Thursday, 24 April 2014
Comedy of Errors
Yes, Shakespeare again... my apologies (but not really).
The comedy of Errors is about 60 pages long, and I enjoyed it so much I finished it in a day. (Which is good, because I started reading a sci-fi novel and boy is it difficult)
It also has a very promising start; a father is about to be executed for entering the city, but he gets the chance to explain himself to the duke. He tells him that he had a wife and two sons; twins. When they were born, there was an exceedingly poor wife who gave birth to another set of twins, and the father bought them to give to his twin sons, so they could attend them.
You still with me?
So when he, his wife, their twin sons and the bought twin brothers sail back home, there is a storm. They tie themselves to a wooden beam, mother, a son and a slave on one side and father, a son and a slave on the other side. And of course the beam breaks in half, and of course they are separated until the boys are all grown up.
Oh, and they didn’t bother to give them separate names, too. Since they looked so much alike.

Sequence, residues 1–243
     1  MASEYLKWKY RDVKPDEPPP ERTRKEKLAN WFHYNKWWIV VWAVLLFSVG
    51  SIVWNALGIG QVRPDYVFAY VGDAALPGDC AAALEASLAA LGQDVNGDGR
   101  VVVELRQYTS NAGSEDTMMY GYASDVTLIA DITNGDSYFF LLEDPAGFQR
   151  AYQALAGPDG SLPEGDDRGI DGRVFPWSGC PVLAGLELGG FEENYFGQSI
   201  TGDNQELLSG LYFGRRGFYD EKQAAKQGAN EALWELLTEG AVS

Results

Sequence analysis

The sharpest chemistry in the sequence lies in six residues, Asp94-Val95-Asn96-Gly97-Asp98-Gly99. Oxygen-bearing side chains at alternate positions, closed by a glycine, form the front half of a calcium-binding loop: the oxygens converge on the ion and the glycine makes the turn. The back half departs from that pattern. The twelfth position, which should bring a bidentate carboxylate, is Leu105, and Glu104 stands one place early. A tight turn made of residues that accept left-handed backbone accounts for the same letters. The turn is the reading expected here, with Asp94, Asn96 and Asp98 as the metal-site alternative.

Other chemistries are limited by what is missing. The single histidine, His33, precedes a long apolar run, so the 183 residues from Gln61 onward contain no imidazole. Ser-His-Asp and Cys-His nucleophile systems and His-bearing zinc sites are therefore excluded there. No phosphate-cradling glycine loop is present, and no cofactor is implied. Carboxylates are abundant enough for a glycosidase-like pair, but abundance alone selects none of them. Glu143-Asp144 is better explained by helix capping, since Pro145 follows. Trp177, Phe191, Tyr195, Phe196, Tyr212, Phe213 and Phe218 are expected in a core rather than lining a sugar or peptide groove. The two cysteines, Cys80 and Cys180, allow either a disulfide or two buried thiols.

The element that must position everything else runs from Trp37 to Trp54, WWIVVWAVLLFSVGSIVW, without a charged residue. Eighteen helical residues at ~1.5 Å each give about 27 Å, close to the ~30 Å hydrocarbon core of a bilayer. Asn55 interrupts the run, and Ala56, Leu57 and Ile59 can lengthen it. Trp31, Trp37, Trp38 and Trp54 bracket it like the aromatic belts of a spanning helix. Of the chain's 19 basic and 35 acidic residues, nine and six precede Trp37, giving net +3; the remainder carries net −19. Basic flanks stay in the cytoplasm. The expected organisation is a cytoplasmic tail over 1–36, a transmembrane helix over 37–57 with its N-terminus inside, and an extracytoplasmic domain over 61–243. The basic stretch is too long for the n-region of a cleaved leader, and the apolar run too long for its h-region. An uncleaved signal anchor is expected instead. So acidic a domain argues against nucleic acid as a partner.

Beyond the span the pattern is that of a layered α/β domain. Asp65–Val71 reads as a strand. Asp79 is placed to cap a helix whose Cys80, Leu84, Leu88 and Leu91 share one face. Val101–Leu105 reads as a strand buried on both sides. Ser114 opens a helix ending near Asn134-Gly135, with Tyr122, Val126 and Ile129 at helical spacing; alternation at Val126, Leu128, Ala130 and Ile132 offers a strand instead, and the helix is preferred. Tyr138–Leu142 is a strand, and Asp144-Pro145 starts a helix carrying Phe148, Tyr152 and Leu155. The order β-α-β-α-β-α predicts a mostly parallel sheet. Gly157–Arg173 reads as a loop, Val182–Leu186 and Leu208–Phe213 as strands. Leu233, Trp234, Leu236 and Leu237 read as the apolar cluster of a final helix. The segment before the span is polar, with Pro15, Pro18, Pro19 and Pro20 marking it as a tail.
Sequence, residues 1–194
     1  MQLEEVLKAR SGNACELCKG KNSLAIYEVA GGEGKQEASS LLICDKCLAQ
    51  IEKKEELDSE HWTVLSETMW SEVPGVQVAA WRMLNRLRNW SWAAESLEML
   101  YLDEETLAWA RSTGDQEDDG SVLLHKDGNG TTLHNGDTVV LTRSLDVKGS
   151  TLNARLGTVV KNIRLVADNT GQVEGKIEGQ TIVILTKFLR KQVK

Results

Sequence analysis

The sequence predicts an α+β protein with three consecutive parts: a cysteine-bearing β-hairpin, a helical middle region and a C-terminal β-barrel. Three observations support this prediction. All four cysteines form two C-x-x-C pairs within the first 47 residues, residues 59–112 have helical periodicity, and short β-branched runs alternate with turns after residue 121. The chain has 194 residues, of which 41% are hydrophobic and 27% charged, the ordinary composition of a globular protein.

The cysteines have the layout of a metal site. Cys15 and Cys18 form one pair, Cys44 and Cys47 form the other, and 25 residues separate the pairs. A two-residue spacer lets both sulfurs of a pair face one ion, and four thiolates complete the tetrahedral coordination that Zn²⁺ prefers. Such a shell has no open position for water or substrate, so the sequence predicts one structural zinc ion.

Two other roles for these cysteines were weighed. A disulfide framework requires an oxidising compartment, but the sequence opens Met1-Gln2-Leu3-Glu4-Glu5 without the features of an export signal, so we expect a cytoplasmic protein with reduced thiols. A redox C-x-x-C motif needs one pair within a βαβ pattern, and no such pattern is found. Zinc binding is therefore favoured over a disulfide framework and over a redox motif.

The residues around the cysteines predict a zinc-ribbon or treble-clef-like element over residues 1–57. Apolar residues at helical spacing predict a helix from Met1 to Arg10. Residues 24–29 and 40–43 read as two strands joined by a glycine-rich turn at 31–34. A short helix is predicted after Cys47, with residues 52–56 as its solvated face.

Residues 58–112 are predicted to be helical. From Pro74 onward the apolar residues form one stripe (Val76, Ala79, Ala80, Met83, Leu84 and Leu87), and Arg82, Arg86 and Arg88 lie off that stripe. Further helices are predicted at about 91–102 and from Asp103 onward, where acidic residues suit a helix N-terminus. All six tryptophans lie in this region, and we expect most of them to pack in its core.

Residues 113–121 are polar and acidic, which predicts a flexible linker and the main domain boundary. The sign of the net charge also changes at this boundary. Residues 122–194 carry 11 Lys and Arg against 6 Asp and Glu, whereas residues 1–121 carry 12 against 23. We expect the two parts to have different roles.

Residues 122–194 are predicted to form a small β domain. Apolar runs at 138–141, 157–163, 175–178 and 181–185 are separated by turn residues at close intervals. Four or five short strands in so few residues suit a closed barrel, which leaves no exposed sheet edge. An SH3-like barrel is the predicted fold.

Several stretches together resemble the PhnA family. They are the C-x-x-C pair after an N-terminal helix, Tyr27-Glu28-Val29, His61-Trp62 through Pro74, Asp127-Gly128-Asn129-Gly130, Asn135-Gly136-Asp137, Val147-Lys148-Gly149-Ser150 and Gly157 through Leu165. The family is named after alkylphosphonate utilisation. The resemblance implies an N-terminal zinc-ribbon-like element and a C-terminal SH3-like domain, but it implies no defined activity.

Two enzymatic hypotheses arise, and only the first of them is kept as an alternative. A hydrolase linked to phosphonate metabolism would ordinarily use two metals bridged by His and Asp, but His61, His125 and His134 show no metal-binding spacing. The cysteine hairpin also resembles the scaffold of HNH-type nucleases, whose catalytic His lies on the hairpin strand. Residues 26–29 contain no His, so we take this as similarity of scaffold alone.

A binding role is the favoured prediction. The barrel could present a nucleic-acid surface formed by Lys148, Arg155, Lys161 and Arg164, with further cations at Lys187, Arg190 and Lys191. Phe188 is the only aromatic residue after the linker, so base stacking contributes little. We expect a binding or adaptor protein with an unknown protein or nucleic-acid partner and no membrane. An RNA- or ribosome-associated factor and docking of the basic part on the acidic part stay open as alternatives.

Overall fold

So when one of the twins, the one who lived with his father, decides to search for the other half of his family, this brings them to a city forbidden to their origin, where the father is arrested. And then mayhem and error happens. The slaves mix up their masters, one’s wife doesn’t get why her husband is suddenly in love with her sister, and a smithy demands payment for the commissioned chain he’d just given to his customer. Lots of facepalms assured.
I thought that this was a very clever play, and I’d recommend it to anyone who hasn’t read Shakespeare yet because they think it’d be too difficult.
Until next time,
PS: apparently it was Shakespeare-day yesterday. I hope you celebrated this with writing a sonnet or sighing 'Romeo, oh Romeo' a few times.